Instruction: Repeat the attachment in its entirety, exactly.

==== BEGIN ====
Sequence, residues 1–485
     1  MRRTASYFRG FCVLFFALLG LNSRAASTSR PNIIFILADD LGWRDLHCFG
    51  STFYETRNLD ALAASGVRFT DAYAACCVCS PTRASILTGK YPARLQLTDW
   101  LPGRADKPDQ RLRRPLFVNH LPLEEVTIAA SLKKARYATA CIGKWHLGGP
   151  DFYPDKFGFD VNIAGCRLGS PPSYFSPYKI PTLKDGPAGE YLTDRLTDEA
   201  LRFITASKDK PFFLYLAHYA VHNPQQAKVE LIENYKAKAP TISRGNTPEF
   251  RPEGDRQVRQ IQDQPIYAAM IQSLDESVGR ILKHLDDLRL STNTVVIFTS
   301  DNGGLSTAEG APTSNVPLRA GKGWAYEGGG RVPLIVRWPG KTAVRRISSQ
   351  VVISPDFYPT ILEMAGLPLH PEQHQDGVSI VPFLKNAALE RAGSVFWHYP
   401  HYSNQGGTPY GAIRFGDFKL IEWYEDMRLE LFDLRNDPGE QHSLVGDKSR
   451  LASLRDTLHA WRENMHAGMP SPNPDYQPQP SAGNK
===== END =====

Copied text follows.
Sequence, residues 1–485
     1  MRRTASYFRG FCVLFFALLG LNSRAASTSR PNIIFILADD LGWRDLHCFG
    51  STFYETRNLD ALAASGVRFT DAYAACCVCS PTRASILTGK YPARLQLTDW
   101  LPGRADKPDQ RLRRPLFVNH LPLEEVTIAA SLKKARYATA CIGKWHLGGP
   151  DFYPDKFGFD VNIAGCRLGS PPSYFSPYKI PTLKDGPAGE YLTDRLTDEA
   201  LRFITASKDK PFFLYLAHYA VHNPQQAKVE LIENYKAKAP TISRGNTPEF
   251  RPEGDRQVRQ IQDQPIYAAM IQSLDESVGR ILKHLDDLRL STNTVVIFTS
   301  DNGGLSTAEG APTSNVPLRA GKGWAYEGGG RVPLIVRWPG KTAVRRISSQ
   351  VVISPDFYPT ILEMAGLPLH PEQHQDGVSI VPFLKNAALE RAGSVFWHYP
   401  HYSNQGGTPY GAIRFGDFKL IEWYEDMRLE LFDLRNDPGE QHSLVGDKSR
   451  LASLRDTLHA WRENMHAGMP SPNPDYQPQP SAGNK